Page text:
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FHA QM Rule Raises Litigation Risk for Lenders

The Fight Over New QM Rules Continues

The Fight Over New QM Rules Continues

Orange County, CA – A coalition of five mortgage industry trade groups has published an open letter to the Federal Housing Administration, questioning the functioning of the proposed Qualified Mortgage rules (QM).  (For a review of the QM rules click here.) The letter’s gist is simple.

The purpose of the QM rules is to prevent banks from lending mortgages to people who are unlikely to be able to afford those mortgages, and the rules apply to everyone from private lenders to the FHA and VA. But, reminds the letter, the FHA already has it’s own strict underwriting standards that work quite well — adding the additional layer of QM rules to the existing standards is both costly and unnecessary.

The letter claims that any loan that makes it through FHA underwriting should automatically be considered QM compliant and a ‘safe harbor’ loan. Safe Harbor loans offer the lenders special protection from litigation. This makes them preferable to ‘reputable presumption’ loans, which have no such protections.

They say the addition of the redundant QM rule will increase costs and reduce credit availability for low-income borrowers — the ones most in need of an FHA-insured mortgage.

The letter was co-written by members of the American Bankers’ Association, the Consumer Bankers’ Association, the Consumer Mortgage Coalition, the Independent Community Bankers of America, and the Mortgage Bankers’ Association.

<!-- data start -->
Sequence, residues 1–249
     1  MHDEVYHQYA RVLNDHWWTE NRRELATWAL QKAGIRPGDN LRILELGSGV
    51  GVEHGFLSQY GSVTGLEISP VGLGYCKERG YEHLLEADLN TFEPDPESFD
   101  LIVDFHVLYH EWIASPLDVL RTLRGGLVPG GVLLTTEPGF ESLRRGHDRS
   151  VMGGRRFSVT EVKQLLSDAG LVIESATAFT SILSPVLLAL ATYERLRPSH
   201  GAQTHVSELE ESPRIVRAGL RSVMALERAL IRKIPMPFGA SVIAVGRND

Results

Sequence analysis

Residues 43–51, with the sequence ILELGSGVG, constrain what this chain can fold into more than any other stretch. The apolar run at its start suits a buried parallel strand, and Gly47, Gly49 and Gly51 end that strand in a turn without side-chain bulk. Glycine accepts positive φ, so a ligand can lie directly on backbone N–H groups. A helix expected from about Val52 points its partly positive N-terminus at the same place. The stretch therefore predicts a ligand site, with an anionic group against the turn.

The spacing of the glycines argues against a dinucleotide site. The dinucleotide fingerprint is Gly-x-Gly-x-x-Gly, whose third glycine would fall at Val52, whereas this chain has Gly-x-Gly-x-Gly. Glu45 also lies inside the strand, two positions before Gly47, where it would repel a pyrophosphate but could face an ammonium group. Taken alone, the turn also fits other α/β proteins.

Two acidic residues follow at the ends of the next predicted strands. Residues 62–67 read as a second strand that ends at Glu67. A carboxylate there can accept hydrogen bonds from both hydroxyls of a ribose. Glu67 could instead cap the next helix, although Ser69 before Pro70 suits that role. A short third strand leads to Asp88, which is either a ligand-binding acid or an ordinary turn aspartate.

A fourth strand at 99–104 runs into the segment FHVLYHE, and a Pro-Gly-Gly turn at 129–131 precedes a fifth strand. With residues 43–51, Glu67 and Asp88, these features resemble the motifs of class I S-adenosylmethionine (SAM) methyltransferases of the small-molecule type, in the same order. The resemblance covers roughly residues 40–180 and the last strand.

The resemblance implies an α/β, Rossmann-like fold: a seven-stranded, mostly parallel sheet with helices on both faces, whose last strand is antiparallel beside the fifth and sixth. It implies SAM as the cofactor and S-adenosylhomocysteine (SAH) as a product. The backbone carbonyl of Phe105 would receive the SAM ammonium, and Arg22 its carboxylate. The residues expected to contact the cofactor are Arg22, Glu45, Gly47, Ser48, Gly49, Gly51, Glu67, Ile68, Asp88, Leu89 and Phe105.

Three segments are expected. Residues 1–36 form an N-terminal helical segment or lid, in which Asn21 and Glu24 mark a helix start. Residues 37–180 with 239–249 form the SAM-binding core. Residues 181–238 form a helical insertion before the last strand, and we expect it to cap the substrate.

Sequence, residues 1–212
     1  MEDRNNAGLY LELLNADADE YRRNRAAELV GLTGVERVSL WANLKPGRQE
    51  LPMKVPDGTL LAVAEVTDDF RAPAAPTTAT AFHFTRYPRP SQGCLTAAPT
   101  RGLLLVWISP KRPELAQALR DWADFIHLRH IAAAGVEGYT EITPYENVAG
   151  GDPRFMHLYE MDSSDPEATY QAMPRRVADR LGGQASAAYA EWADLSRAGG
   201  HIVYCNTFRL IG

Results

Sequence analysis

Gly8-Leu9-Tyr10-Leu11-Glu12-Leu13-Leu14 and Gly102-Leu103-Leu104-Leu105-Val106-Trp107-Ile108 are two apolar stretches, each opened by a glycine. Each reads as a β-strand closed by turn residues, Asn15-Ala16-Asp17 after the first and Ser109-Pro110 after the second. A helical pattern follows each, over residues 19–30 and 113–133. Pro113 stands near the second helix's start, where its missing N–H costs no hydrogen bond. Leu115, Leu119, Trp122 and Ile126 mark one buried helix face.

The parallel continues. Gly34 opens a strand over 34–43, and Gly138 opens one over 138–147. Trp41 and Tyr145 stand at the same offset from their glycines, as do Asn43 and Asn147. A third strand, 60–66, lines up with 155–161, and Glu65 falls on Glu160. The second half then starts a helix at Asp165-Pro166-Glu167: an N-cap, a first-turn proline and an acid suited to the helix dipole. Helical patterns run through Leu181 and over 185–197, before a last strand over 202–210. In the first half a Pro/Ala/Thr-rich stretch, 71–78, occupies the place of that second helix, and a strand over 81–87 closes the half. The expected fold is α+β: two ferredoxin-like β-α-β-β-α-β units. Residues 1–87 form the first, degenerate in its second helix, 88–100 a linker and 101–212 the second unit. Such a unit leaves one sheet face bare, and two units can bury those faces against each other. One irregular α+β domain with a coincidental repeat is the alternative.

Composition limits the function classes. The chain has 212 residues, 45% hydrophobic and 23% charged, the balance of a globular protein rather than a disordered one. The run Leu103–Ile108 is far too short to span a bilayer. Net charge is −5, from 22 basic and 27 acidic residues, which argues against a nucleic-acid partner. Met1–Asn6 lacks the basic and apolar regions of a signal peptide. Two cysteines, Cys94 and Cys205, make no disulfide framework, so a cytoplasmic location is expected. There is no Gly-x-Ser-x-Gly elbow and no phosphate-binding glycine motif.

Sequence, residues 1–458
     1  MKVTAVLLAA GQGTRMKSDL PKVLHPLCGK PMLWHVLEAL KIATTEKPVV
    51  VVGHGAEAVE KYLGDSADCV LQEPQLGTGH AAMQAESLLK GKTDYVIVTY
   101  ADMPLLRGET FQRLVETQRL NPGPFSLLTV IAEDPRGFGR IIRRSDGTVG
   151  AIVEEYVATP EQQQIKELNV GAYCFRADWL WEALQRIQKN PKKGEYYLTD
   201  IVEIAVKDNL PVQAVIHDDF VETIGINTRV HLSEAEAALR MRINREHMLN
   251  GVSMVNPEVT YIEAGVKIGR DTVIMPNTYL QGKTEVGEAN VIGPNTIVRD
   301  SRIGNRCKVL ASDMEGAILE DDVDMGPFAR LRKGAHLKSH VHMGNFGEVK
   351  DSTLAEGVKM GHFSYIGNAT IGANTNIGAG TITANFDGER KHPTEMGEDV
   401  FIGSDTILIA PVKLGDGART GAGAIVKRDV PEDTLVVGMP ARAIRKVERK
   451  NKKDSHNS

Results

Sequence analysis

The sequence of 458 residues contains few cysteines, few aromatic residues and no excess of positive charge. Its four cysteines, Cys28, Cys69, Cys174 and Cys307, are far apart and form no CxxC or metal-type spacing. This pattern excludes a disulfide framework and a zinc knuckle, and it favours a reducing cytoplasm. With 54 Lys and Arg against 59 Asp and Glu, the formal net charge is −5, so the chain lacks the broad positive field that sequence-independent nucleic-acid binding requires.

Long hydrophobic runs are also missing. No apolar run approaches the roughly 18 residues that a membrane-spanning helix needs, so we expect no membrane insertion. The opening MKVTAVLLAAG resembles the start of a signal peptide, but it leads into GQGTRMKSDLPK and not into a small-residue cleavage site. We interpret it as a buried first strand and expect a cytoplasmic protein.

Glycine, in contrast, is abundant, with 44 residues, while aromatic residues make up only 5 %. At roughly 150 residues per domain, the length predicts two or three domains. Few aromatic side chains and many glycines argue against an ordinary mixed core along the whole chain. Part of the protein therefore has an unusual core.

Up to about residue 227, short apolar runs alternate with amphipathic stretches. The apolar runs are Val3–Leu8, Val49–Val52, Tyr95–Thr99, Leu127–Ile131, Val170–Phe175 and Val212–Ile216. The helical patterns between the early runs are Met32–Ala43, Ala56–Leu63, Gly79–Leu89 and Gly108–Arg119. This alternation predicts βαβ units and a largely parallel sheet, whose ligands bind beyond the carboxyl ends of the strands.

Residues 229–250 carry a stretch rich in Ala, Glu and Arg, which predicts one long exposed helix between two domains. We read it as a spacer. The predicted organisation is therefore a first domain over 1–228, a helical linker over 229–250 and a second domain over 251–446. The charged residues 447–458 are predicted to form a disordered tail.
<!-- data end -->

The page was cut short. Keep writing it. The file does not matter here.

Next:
In a separate letter, the Consumer Mortgage Coalition stated their argument more clearly: “If a loan could qualify for FHA insurance and yet not meet the ability-to-repay requirement, it would suggest a problem with FHA requirements. In that case, revising the FHA requirements nationwide would be the appropriate remedy,” CMC says.

QM Rule Counterpoint

Of course, there is always the other side of the story: the unspoken reason why these organizations want to prevent a double-up of rules on FHA mortgages is that they want their mortgages to go through quickly and easily. The idea that the cost will come down hard on low-income people applying for FHA mortgages is questionable; the fact that there is a cost that will come down hard on the issuers of these mortgages is not.

The fact that “low-income borrowers may not be able to get credit” is the entire purpose of the QM rules. It’s just written from the other perspective: “banks won’t be able to give mortgages to people who can’t afford to pay them back” is the same concept. In that regard, the letter is literally complaining that the law is going to do what the law was always intended to do.

In the end, the fact that a group of trade organizations got together and tried to convince a regulatory organization to ease up isn’t a surprise. It would be a surprise if the CFPB (the organization responsible for the QM rules) actually paid a significant amount of attention to the letter. While the point about FHA underwriting standards is a good one, it’s probably not enough to get a special exception written into the law — especially since the law goes into effect only 2 months from now.

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